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  1. Wheeldon posted this today on his Instagram:
  2. The Denver Art Museum just announced a Degas Exhibit February 11-May 20, 2018. It appears this will be the only exhibition in North America. MORE&utm_campaign=Member Email 2017.4.26 If you're in Denver, you can also see the Colorado Ballet's Romeo & Juliet at the historic Opera House a few blocks away, February 16-25, 2018 (Deane choreography, Prokofiev score, live orchestra): Or, see the NEA-funded performances of Tudor's Pillar of Fire and Tharp's Brief Fling, March 30-April 1, 2018, at the University of Denver:
  3. I didn't know that about Martins. It reminds me of the much-publicized escapades of actress Sean Young and her attempts to be cast as Catwoman. Admittedly, her career trajectory and accomplishments have not exactly paralleled Martins' but one wonders how men are treated in similar situations. Here's one of many on-line reports about her:
  4. Ratmansky just posted this to his Facebook page: "if the question about women choreographers was part of the discussion conducted by the NYTimes, I am sure each of us - Christopher, Justin and myself - would have more to say about the subject. but it wasn't. it was added post factum and I had to text in response between the rehearsals. why not to have a proper conversation? if my words were unclear I am glad to elaborate. just don't like reading comments that turn what I meant upside down." The reporter should have let us know that the question was NOT part of the in-person interviews, but came later by e-mail.
  5. Your disappointment in LeCrone reminded me of a similar comment I made about her in spring 2016 in Symphony in 3 Movements: "Biggest disappointment: Megan LeCrone. I know she has a lot of fans on this board, but...I was near the front on Friday night and her pasted-on grin was appalling. Her variations alone were limp and uncommitted. In this ballet, as with many others, Balanchine interwove non-ballet moves with classical steps and positions -- jogging, arm pumping, odd shapes, etc. LeCrone almost seemed embarrassed to be doing them. Saturday afternoon, the grin was dialed back, but the movements were just as limp and uncommitted. She needs to OWN that choreography and I just didn't see it. Joseph Gordon had the thankless task of partnering her, but couldn't compensate for her flaccid performance, to my mind. Sorry!" How much coaching do these people get?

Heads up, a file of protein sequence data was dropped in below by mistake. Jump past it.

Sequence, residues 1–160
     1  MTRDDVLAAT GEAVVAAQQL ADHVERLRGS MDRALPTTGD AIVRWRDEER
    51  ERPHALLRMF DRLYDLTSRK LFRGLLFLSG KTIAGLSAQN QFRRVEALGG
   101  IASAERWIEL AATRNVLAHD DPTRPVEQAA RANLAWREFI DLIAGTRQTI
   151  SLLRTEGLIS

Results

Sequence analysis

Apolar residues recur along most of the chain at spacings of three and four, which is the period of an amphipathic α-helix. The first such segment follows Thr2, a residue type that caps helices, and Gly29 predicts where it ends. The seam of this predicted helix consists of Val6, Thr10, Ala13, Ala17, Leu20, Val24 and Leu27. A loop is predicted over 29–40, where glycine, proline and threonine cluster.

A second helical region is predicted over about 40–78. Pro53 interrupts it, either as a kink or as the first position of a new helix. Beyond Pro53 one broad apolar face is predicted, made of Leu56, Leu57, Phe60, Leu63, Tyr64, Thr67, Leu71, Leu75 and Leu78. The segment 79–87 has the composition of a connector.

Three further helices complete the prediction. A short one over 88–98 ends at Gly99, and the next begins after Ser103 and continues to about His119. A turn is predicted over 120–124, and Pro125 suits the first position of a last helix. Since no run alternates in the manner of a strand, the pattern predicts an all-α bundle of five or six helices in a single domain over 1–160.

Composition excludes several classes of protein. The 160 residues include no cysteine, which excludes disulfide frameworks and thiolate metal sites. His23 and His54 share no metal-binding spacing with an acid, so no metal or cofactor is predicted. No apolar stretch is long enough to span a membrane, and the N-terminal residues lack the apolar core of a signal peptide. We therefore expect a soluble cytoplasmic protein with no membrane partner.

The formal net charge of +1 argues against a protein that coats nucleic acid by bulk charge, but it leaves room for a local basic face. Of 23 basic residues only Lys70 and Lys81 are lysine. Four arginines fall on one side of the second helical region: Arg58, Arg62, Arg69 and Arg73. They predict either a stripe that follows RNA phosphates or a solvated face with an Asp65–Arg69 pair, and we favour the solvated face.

6. On Instagram, she seemed ecstatic about performing this four times this season.
  7. Even Balanchine had some clunkers - PAMGG, e.g. (I actually wish we could see it - can't find any trace on YouTube or elsewhere.)
  8. Oh no! I was so hoping to see a lot more of him at SFB.
  9. All the more disturbing, as the 2017-18 schedule includes the Balanchine Nutcracker, Jewels, and T&V. Doesn't the Trust send somebody out to rehearse works, even if the company already knows them? And one wonders how many of the continuing dancers do know all of these.
  10. Kyra Nichols and her husband David Gray are leaving the Pennsylvania Ballet: They won't say just yet where they are going. And the company isn't clear that she will be replaced.
  11. Very glad I had already bought a ticket for this performance. Such a treat to look forward to!
  12. Although Balanchine choreographed La Valse in 1951, the music harkens to the ominous mood in Europe before each of the two world wars. In the classic biography of Balanchine, the narrator mentions the dark mood in Europe. Fascinating history on the Balanchine Trust site: Seems scarily appropriate for our times!
  13. The Lew Christensen Trust has a web page. Looks like several things have been staged in recent years:
  14. I appreciate Gottlieb's concern, but the one element overlooked in these discussions is the typical audience. How many people who attend regional companies have the means and the time to see other companies on a regular basis? There is very little touring nowadays, thanks to the demise of NEA support from earlier decades, and precious little on PBS. Yes, DVDs exist in abundance, but to see a dance company live in the theater is special. I don't know if the data exist, but I have to wonder how many audience members in cities like Kansas City or Denver or Atlanta or...anything other than New York...have ever seen or will ever see NYCB or ABT or international companies visiting NYC and the Kennedy Center. A few people (including many on this board!) are fortunate to be able to jump on airplanes several times a year to see other companies, but what percentage of the national audience is that? Miniscule, I'd guess. I'd much prefer that these audiences around the country see a little Petipa, a little Balanchine, something contemporary, something experimental - than worry about regional companies having a unique and special identity that would make the NYC critics happy!
  15. In 2015, Cornejo was paired with Obratzova, which was sublime (one guest artist I'd love to see again). Copeland was paired with Simkin in 2016. Copeland seems to dance with Cornejo fairly often (Swan Lake in 2017), so Cornejo or Simkin might be the more likely pairing in 2018 than going back to Gorak - if R&J is on the Met schedule again.